• Communicate and plan: It’s best to have a rough idea of a Plan B ready from the very start, in case something unexpected happens that means you have to make significant changes to your original plan. If that occurs, keep everyone up to date with new or possible leads, ask for advice, and build the best new version of your project together. It’s crucial to communicate as much as possible with your team members.
  • See opportunities in crises: Don’t be disappointed if things don’t go as you initially planned. Do the best you can with what you have. Try to see crises as opportunities to explore new angles in the story.

Vlad Odobescu is a Romanian feature writer with 15 years of experience, currently working with DoR (, a magazine based in Bucharest. He brings an anthropological touch to his stories: he likes to immerse himself into small communities and find surprising connections, in order to discover—together with his readers—layers of meaning.

Interview with Lorelei Mihala

1. What was the topic of your cross-border story?

In 2018 I worked together with an Italian journalist on a story about Romanian women working as caregivers in Italy—popularly called badanti in Italian—who were suffering from depression. We were producing the article with a Reporters in the Field grant and we planned to report from Italy and Romania. Many women doing these jobs had experienced mental health problems because they were far from their families, isolated 24 hours per day with the people they took care of, and they had no social life. Their only support came from other badanti whom they would meet on Thursday afternoons or on Sundays, when they had a little bit of time off--for many, church attendance on Sunday was the only chance they had to meet other badanti and speak in their own language. The problem of lonely Romanian caregivers was highlighted by researchers at Udine University, who dubbed it “Italy Syndrome.”

Credit: Lorelei Mihala

Credit: Lorelei Mihala

2. What was your original timeline?

Everything was clearly organised: each team member was given a one month research period to contact people to interview. I covered the Romanian angle, and my colleague the Italian angle. I had to contact the Romanian women working in Italy; a lawyer who was helping them with legal advice; the Romanian church attended by badanti in Rome; and doctors from the biggest psychiatric hospital in Iasi, Romania, which has a number of patients suffering from Italy syndrome.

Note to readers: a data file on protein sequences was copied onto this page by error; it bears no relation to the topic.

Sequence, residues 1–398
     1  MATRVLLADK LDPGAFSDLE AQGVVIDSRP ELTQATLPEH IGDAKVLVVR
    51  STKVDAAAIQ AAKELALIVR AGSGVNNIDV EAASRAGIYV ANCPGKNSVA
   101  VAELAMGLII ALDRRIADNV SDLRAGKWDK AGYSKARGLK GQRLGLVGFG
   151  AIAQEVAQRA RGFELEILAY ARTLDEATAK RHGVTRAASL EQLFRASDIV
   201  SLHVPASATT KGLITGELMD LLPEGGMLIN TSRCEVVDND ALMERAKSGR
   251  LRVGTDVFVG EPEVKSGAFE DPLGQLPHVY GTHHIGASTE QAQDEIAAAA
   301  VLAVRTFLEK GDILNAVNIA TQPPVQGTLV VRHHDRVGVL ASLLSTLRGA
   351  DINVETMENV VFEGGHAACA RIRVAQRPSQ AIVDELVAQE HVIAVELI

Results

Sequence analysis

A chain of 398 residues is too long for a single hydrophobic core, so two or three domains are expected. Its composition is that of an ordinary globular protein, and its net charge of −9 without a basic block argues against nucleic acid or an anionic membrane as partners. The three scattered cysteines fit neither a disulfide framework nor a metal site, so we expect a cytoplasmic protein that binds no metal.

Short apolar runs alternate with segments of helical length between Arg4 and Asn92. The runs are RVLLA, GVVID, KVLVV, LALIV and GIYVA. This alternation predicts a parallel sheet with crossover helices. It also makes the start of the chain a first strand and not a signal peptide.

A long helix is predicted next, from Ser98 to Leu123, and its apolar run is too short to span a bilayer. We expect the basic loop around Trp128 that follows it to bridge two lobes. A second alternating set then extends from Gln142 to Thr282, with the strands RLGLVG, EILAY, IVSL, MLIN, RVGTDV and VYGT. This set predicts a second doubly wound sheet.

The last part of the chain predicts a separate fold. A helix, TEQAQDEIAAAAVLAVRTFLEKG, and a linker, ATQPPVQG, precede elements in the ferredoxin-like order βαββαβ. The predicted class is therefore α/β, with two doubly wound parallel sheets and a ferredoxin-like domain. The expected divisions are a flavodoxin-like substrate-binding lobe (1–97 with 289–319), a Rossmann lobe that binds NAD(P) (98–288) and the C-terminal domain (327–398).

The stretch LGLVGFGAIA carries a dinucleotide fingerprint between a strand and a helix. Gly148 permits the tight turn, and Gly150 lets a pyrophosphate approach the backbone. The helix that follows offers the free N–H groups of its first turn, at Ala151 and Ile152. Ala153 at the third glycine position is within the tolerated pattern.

My colleague was responsible for arranging interviews with officials from the Italian Ministry of Labour; the Italian caregivers labour union; a work placement company in Italy; and university professors who researched the Italy syndrome.

This one-month research period was followed by one week of reporting in the field, with in-person interviews scheduled in Rome and Tuscany, and one week of reporting in Iasi, Romania. During our field-work trip, I did the interviews and my colleague shot videos and photos. The interviews were set up with a clear timeline for each day, with follow-up calls for confirmation one week in advance and again one day before.

3. What happened then?

Most of our interviews were in Rome. However, we had one interview planned with a Romanian woman in a village near Arezzo, Tuscany. This was almost 200km from Rome, a bit over 2.5 hours’ drive.

While all the women we interviewed said that they felt lonely and isolated, and recognised the so-called “Italy Syndrome” in themselves, the woman in Tuscany had an even more emotional story that she was willing to share with us. She had left Romania on her daughter’s birthday and saw her two kids again for the first time only after two and a half years of working. She had been in Italy for eight years and had recently started taking antidepressants. I had contacted her on Facebook, and the first time we spoke on the phone we talked for more than one hour, and she said that she was very keen to meet us.

I re-confirmed the interview before I travelled to Italy and I called her again one day before it was scheduled. In our second phone-call, I asked if we could meet at her apartment—to understand the environment in which she lived—and eventually meet the person she took care of. She declined, saying that in order for us to meet the elderly person she took care of, she would need permission from that person’s lawyer (in Italy, people with no living relatives are given a legal representative who takes care of them when they age.) Still, she suggested that we meet her outside her flat, in a cafe in the town. My Italian colleague then butted in, and asked over the phone if she could put us in contact with the elderly person’s lawyer to get permission. The woman firmly replied no. I reassured her that if something went wrong, she could call me, and reiterated that we were travelling all the way to Tuscany only to meet her. I wanted to be clear about this last point, while still displaying sensitivity to her situation.

The next morning we travelled as planned, and called her when we arrived in the small town. We got no response to numerous calls, texts or Facebook messages, and the lady never showed up. After waiting for a few hours, we left, dismayed and soaked from the rain.

4. Were you expecting this kind of difficulty?